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  • Writer's pictureJim Martin

Beginning on the Level

The trailer is essentially the foundation of a tiny house. As such, it needs to be leveled carefully before the building process can begin. You also want to ensure that the frame of the trailer itself is supported near each of its four corners rather than leaving the trailer to sit on its wheels and suspension.


The simple version of this process is to prop the trailer frame up on four jack stands placed roughly two feet from each corner of the trailer (along the long ends of the rectangle). Often the jack stands are seated atop patio blocks sitting on the ground.


The slope under our trailer made things just a little more complicated.


I didn’t want to level the trailer by just jacking up the low side to the level of the high side—that would leave the entire thing too far off the ground, and I thought the house would seem strange perched up high.


So, I decided I would begin by lowering the high side of the trailer. This required digging a trench under the wheels on the high side—which actually required jacking it up even higher first in order to get some clearance under the wheels for digging.


I have some experience digging. It’s hard work. My sense of it is that it’s as hard mentally as it is physically. Especially when you are trying to work the shovel under some trailer wheels. Each stroke of the shovel takes significant effort and produces such a small result that it seems like you are making no progress at all. But you actually are.


Over the course of a few hours I managed to dig a reasonable trench that would be deep enough to allow the high side wheels to sit somewhat below ground. I filled the bottom of the trench with crushed stone. (I will have to watch to make sure that it doesn’t fill with water during heavy rain as prolonged contact with water and sunlight can cause the tires to age and crack prematurely.) The end of the trench toward the front of the trailer is sloped upward fairly gently. This is because my hope is that when it’s time to pull the tiny house out of the back yard, we’ll be able to attach it to a truck and just haul it out of the hole.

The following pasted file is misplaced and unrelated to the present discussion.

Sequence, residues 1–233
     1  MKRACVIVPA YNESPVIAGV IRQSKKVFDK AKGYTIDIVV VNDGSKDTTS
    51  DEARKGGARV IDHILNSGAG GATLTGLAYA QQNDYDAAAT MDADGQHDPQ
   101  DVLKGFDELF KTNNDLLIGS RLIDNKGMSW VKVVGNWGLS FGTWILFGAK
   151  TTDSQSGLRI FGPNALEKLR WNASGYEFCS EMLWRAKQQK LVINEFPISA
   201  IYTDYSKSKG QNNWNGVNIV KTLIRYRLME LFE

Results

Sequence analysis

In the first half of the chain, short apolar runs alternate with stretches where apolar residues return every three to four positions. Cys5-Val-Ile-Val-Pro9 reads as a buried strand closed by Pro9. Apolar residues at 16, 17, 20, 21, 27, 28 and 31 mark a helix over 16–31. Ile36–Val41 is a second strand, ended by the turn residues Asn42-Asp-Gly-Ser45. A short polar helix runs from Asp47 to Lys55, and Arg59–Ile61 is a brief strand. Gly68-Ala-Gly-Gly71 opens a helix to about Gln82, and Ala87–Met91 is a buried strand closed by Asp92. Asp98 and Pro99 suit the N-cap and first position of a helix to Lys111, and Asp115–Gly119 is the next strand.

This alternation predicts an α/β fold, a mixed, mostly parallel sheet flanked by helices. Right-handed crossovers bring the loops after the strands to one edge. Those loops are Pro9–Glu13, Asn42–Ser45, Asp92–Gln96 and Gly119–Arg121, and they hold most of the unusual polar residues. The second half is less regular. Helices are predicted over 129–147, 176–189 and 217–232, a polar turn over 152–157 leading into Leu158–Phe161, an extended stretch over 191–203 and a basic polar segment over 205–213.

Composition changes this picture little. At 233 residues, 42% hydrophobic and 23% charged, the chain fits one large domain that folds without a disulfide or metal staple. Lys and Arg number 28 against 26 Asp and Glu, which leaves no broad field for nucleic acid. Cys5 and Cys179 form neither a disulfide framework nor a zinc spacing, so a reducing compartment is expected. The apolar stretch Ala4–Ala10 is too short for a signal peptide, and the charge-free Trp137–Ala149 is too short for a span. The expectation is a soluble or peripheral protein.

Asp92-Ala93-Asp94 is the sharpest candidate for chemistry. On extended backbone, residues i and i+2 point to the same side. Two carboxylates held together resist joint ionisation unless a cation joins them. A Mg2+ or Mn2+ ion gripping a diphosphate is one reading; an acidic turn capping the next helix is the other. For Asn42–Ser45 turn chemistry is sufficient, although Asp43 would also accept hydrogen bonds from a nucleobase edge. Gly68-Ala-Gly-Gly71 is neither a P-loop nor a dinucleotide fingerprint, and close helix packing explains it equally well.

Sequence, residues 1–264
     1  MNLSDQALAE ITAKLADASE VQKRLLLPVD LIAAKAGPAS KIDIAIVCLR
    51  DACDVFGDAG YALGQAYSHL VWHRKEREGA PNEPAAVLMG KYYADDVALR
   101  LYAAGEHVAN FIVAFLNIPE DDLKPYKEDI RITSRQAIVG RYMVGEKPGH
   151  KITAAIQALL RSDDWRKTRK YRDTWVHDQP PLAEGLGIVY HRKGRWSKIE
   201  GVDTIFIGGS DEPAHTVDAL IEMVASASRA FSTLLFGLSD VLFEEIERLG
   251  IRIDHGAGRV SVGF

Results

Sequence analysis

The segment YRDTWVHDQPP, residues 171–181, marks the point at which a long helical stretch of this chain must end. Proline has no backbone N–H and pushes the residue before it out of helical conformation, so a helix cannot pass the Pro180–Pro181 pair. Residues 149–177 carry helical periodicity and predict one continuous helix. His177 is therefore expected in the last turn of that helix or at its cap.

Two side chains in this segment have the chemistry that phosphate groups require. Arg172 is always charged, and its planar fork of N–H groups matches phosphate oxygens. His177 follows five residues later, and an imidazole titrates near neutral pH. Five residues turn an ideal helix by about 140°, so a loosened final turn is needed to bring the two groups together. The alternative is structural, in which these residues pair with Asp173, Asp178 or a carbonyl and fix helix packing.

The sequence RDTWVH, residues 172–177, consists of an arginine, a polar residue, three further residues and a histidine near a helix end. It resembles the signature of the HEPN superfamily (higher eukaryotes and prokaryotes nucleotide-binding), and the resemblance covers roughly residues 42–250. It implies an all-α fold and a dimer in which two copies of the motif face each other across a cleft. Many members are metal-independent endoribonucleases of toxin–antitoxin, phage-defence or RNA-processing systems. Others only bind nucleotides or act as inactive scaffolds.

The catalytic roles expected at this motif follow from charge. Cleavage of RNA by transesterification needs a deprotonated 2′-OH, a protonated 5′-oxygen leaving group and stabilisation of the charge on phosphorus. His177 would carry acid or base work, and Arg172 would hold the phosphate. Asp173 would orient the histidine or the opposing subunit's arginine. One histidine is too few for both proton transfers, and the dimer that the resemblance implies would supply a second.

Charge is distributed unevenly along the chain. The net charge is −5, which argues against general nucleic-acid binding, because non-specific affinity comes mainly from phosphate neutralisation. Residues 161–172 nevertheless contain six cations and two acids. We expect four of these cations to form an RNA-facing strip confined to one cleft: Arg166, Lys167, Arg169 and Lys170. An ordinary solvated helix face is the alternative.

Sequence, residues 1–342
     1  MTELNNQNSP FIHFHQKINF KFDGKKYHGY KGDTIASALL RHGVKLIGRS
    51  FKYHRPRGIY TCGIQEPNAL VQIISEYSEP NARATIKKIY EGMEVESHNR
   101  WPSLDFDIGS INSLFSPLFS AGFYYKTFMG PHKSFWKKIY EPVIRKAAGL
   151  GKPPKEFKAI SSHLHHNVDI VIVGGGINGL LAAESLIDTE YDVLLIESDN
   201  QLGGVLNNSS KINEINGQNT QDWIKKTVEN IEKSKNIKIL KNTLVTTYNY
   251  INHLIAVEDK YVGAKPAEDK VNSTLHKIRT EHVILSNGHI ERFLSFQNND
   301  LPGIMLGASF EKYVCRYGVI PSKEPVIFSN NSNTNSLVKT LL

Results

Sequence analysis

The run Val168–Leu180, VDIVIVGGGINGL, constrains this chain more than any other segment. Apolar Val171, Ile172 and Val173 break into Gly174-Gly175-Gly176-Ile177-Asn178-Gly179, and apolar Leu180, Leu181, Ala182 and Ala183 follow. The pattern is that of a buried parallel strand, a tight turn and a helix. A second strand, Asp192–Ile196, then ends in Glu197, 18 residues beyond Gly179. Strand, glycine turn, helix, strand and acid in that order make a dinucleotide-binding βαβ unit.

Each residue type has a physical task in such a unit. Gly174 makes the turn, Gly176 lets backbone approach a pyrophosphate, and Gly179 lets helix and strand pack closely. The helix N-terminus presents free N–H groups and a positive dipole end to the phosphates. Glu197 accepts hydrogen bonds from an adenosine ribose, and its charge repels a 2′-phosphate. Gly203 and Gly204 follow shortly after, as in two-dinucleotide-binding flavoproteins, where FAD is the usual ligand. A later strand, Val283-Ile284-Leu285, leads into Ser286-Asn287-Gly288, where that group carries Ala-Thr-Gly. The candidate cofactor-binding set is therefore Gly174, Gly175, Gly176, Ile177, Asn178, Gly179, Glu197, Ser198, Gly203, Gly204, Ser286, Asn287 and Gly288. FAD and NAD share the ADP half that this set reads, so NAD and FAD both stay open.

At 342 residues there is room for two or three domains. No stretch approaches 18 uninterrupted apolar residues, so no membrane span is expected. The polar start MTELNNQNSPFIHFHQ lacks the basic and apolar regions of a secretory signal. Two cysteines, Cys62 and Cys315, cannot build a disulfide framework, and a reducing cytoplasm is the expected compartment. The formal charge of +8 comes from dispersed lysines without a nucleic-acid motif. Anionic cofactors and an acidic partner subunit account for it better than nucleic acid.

I began the leveling process by lowering the high side down into the hole as far as it would go (allowing for an inch or two of clearance between the tires and the crushed stone). I placed jack stands on patio blocks under each end.


Moving the floor jack back and forth a couple of times, I worked to level the high side from front to back. At this point in the project, I am just using a four-foot level placed directly on the trailer frame. Once the floor joists and subfloor are on the trailer, I’ll check it all again with a water level. (If you don’t know what a water level is, stay tuned. It’s one of my favorite simple tools.)


Here's the finished trench. (You can see one of the low-side jack stands to the right of the wheels.)

Once the high side was reasonably level, I went to work on the low side. Again, moving the floor jack from the front to the back of the trailer, I placed jack stands about two feet from each end. These jack stands had to be placed not just on patio blocks, but also on 6x6 pressure treated post sections to get the jack stands high enough to reach.



Then comes the tedious part. I ended up needing to move the floor jack to all four corners of the trailer several times to adjust each jack stand little by little to ensure the entire trailer was level along both its length and its width.


In the end, it all came together to produce this quite satisfying result:




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